Is LA Changing Its Car Culture?

Jessica Beeli |

LA traffic, Los Angeles, LA Metro, mass transit, congestion, LA public transportation, Expo line, LA metro expansion, expo line extension, purple line extension

Los Angeles’s fabled car culture is deeply engrained in the foundations of the city. Although the cities sprawling freeways and blur of white and red break lights are undoubtedly an iconic feature of the city, the way transportation works around here is not without its problems.

Los Angeles is the classic example of sprawl. Since the 1950s the city has expanded outward, creating suburbs. But Los Angeles’s outward expansion didn’t correspond with an expansion in public transportation, like the growth of other urban cities such as New York or Chicago. Instead people turned to cars. 

Why is Los Angeles a car city? Well there are many theories and conspiracies around that question, which have been explored in pop culture over the years, including the movie Who Framed Rodger Rabbit? The common theory suggests that GM (GM) and oil companies banded together to discourage public transportation and consequently increase their profits.

Whether or not these theories are true, Los Angeles is undeniably the city of the car. Almost 80% of Los Angeles’s working population commutes to work each day. And as the population continues to grow so does the city’s car related problems, such as smog, traffic, parking difficulties and time wasted. One third of California’s population lives in areas where the air does not meet federal health standards. It’s clear that being a car city is not without its problems.     

A Cultural Shift

But Los Angeles is trying to change that. It’s no secret that there is a move to shift the city’s culture, and recent data shows a rise in public transportation usage and a slight but significant decline in car usage. Los Angeles is hoping to become a city where a car isn’t always necessary.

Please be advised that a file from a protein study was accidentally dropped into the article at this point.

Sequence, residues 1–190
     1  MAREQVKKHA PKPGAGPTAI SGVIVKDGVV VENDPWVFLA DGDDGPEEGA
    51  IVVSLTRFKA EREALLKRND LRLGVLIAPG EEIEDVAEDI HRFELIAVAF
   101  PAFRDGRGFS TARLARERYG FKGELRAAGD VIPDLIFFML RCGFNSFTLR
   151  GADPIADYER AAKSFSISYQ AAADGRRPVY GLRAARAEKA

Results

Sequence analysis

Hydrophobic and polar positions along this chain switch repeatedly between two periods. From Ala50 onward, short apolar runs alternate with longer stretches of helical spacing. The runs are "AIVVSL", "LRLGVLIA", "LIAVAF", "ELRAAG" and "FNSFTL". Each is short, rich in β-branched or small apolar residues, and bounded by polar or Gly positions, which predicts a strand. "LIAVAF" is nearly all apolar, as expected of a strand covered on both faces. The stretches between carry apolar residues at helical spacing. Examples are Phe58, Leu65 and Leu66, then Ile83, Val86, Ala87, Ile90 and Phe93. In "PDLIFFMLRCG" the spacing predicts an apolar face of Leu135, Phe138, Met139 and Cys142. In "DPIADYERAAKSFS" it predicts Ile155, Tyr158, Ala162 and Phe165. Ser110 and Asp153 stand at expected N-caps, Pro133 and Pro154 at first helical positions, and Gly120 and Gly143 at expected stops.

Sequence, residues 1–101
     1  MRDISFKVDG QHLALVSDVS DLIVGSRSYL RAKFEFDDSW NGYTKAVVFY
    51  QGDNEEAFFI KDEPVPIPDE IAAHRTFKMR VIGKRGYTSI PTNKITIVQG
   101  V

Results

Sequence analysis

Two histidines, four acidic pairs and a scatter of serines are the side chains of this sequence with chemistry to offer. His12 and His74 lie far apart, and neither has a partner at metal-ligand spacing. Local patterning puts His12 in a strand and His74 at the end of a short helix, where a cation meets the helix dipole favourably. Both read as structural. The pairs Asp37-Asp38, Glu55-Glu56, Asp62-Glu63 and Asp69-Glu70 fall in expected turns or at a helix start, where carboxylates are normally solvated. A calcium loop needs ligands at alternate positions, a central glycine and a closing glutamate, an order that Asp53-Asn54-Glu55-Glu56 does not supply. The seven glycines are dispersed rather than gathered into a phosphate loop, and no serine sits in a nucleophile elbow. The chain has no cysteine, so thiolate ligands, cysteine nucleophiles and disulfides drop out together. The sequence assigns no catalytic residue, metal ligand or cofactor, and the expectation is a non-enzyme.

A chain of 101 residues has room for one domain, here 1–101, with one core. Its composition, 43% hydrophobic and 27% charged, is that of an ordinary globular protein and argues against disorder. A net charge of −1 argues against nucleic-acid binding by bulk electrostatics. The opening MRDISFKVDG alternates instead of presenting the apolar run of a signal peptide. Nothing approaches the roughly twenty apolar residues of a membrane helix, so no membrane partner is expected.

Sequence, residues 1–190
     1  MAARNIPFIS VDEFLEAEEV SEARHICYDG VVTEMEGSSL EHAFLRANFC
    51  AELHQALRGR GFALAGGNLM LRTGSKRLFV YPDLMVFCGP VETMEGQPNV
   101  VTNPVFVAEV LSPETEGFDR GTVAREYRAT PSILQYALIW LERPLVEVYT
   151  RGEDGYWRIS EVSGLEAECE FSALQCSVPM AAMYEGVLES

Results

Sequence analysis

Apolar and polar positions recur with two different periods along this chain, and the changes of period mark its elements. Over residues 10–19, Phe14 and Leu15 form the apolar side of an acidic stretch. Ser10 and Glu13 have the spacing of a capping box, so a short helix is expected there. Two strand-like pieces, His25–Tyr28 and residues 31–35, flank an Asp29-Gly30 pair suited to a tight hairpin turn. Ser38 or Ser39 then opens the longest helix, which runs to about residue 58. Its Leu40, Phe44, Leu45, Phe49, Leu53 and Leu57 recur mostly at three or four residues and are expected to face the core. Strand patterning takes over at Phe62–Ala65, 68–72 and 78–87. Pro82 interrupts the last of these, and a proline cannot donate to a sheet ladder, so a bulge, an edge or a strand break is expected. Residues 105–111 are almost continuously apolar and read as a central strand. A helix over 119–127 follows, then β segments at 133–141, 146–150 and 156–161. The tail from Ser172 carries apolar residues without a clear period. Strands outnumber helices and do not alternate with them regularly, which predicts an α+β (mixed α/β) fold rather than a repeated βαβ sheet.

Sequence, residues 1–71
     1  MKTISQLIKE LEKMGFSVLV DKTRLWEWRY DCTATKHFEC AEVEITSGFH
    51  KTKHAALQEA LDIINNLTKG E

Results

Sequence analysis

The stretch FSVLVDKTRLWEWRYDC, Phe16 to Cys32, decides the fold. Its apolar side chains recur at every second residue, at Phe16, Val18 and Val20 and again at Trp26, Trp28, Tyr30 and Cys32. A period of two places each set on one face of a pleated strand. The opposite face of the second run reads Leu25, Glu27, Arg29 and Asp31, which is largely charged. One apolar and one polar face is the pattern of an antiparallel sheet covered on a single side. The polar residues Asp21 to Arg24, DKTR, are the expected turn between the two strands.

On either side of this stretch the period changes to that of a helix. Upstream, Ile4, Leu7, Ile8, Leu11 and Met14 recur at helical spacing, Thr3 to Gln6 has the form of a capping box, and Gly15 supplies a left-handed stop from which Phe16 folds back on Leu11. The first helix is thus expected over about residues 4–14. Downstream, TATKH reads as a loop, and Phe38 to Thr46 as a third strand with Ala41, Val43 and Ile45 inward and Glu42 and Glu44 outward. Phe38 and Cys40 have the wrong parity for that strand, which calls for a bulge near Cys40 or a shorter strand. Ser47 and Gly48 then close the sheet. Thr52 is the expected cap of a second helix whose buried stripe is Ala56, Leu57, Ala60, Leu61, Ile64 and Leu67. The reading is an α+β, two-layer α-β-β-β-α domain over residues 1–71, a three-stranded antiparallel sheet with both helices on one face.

This shift in culture comes with a change in values. No more do young people dream of owning a house in the suburbs. These days people increasingly place priority on living where they can walk. To shops, restaurants, work, people want to exercise more and commute less. But most importantly people just want to get out. And why can’t people have that in Los Angeles?

Smartphone-based ride hailing services such as Uber and Lyft are also contributing to this shift in culture. This new method of transportation, heavily embraced by young people, is reducing traffic and moving to end the era of single-occupant cars.

This shift in Los Angeles corresponds with much of its population centralizing into the heart of the L.A. Basin. Recent neighborhood revivals, such as the renaissance currently occurring in downtown Los Angeles, are creating living spaces where a car isn’t always a necessity.

The City Steps In

Efforts by city officials have put Los Angles well on its way to becoming a less car centric city. Recent projects led by Mayor Eric Garcetti are making the city an urban area compatible with walking and biking and creating more public space.